Movie Review: Eerie Scares & Thrills, But Isn’t Impactful Enough

TL;DR: Despite being another showcase for Mikhail Red’s brand of technically accomplished genre filmmaking packed with sociopolitical commentary, Eerie is dampened by plot issues & unoriginal scares.

In his previous films, Mikhail Red crafted sharp, stylish thrillers probing the corrupt institutions that allowed . & poverty to flourish in the Philippines through the eyes of people trying to survive these harsh conditions. Eerie marks a huge departure for him, because this would be his first horror film & his first film for a mainstream studio. Making a jump from the independent scene to a massive studio like ABS-CBN Films has always been tricky, but the film retains enough trademarks from his past work that suggest we’re not watching a watered down version for a wider audience.

It even has the bones for what could’ve been straightforward mystery. Set during 1995, one of the students for the Sta. Lucia Academy for Girls, a highly prestigious Catholic school for women, is found dead under inexplicable circumstances. Guidance counselor Patricia (Bea Alonzo) is doing her best to take care of the students’ mental & emotional state after the incident; especially Joy (Gabby Padilla), who now has survivor’s guilt that worsens her suicidal tendencies.

Instead of trying to figure out what caused her death, school principal Sister Alice enforces stricter rules on the campus & insists on returning to their everyday routine of teaching & prayer, since she believes this would be best for the students & the school’s reputation. Undeterred by Sister Alice’s orders, she decides to investigate the case on her own alongside an investigator played by Jake Cuenca. She does hold a secret that will be helpful to her quest: she has clairvoyant powers that allow her to see & communicate with the dead. She happens upon Eri, the ghost of a student whose death decades ago seems to involve Mother Alice & may be the key to unlocking the school’s dark secrets.

The journey to get there is rough though. Watching Patricia piece the mystery together is unengaging because she’s a passive presence in her own investigation. Most of the clues are handed down to her, and if she does find a significant detail, it doesn’t give her & the audience a satisfying eureka moment that connects everything together. It doesn’t help that the characters are bland & uninteresting, mainly used as a vessel for the film’s themes.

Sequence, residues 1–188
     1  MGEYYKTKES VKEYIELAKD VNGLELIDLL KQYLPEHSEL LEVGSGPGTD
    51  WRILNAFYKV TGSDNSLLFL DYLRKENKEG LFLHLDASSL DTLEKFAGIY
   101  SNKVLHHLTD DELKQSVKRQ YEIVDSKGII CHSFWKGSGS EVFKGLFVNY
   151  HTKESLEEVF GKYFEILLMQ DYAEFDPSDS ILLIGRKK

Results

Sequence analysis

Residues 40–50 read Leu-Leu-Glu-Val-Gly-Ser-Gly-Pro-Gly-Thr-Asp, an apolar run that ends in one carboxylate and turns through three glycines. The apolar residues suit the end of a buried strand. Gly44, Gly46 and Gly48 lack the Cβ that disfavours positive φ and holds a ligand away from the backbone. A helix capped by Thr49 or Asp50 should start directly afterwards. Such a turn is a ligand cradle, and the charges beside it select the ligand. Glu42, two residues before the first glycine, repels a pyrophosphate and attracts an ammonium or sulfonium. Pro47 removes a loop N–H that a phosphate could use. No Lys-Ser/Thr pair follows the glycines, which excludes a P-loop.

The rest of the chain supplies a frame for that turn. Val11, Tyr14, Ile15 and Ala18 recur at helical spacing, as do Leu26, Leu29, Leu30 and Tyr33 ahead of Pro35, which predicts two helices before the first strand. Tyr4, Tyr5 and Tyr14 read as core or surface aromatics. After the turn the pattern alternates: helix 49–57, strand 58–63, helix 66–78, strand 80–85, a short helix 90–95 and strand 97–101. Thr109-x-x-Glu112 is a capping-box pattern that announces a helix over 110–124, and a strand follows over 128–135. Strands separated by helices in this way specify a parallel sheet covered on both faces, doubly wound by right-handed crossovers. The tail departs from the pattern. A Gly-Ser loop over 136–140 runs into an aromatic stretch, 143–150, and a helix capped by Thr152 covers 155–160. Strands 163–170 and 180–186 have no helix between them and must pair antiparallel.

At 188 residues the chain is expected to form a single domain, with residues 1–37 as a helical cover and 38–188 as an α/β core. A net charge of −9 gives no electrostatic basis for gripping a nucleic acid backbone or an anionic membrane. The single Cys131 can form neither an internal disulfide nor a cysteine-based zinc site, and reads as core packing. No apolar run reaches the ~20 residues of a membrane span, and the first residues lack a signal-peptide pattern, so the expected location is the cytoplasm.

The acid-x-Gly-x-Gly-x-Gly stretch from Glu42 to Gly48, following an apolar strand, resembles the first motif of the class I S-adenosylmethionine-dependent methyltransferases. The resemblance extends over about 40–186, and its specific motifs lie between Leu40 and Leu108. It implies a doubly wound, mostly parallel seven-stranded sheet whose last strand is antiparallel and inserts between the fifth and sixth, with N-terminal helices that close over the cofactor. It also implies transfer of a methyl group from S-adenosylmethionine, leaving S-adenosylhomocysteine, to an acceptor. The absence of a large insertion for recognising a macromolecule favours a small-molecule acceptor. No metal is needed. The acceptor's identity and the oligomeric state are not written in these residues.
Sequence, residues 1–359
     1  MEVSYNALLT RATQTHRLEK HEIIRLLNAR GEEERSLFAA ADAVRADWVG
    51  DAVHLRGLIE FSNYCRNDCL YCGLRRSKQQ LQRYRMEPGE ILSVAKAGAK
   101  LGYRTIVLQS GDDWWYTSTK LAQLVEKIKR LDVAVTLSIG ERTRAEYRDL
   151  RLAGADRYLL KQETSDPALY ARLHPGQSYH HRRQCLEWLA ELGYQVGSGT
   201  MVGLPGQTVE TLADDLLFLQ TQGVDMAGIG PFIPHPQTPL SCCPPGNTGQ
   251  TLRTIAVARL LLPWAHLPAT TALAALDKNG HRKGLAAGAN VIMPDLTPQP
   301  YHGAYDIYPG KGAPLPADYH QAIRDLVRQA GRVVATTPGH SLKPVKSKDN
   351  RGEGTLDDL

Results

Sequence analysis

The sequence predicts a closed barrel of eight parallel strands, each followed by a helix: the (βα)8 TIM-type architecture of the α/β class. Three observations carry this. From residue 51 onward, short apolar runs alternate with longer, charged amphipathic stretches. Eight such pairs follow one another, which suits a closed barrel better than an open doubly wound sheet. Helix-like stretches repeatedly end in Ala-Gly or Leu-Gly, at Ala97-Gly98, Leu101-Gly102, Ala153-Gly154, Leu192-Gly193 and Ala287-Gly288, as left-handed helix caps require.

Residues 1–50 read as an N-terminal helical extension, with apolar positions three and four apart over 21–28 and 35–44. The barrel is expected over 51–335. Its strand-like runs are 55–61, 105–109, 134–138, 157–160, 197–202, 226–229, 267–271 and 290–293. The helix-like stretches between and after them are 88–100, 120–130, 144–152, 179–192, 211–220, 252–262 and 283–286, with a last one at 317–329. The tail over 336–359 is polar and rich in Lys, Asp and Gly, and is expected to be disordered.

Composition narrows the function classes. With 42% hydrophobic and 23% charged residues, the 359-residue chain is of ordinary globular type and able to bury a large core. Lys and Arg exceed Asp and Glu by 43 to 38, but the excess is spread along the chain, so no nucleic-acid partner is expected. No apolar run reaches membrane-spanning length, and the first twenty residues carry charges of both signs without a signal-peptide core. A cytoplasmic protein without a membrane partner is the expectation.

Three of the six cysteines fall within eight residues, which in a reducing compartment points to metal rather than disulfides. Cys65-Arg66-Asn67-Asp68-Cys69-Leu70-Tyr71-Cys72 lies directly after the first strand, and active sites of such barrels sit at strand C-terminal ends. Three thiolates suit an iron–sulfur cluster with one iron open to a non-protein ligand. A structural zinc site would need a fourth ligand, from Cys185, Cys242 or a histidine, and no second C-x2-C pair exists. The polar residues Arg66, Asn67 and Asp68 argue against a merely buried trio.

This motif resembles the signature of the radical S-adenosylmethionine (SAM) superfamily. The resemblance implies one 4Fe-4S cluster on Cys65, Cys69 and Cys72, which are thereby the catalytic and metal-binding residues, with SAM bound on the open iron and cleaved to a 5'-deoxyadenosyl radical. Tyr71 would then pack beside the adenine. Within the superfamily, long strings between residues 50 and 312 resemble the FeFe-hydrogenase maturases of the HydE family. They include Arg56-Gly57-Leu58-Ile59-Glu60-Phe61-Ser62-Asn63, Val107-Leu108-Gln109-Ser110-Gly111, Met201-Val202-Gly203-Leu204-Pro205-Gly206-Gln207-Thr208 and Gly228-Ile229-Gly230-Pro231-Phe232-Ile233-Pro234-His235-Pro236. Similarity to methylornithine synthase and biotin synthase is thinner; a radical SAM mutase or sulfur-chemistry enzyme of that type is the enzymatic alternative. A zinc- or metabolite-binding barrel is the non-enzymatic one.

It’s disappointing, since the film contains his penchant for sociopolitical commentary. What unfolds is a tragic story of vulnerable people forced to follow blindly to their doom by the same Filipino institutions that’s supposed to protect them, & the nearly futile attempts by those brave enough to fight back; even if the fragile, corrupt nature of these institutions mean they can be exploited for personal gain.

The cast does try to muster up all the gravitas they have to flesh out their roles. Charo Santos reveals the darker side of the maternal authority she’s shown as the host of the long-running anthology series Maalaala Mo Kaya (Memories). Even in embodying Patricia’s relentless drive for the truth, Bea Alonzo plays up her exhaustion & terror. When she’s faced with the evil lurking in the campus, she tries to muster up all the energy to express her immediate dread, but she’s clearly fatigued & overwhelmed by her situation. Jake Cuenca doesn’t get to the much in his role, but Gabby Padilla does. She ends up being the heart of the film – leading to the most touching ending Red has done so far – with her sympathetic portrayal of a troubled woman who only wants someone to be there for her.

When Patricia does go on her secret trips to the supernatural, it doesn’t push its already creepy setting to weirder, newer places the way its opening credits seem to imply. It doesn’t mean it’s a complete disappintment though. While the film offers clichéd, derivative setpieces that heavily rely on pulling you in before shocking you with a jump scare – which can get repetitive – it is deftly executed with a steady, patient camera that slowly tracks its characters to horrors beyond our reality. Even the quality of the jump scares swing between lazy & playful.

Taken as a whole, this is another showcase for Red’s nimble, precise genre filmmaking. The whole film is stylish, yet presented without pizzazz. With the help of cinematographer Mycko David, it has a somber atmosphere bathe in shadows & darker hues that emphasize how inescapable the gloom surrounding the campus. It’s a technically accomplished film, but its plot issues & unoriginal setpieces weaken what could’ve been a compelling film.

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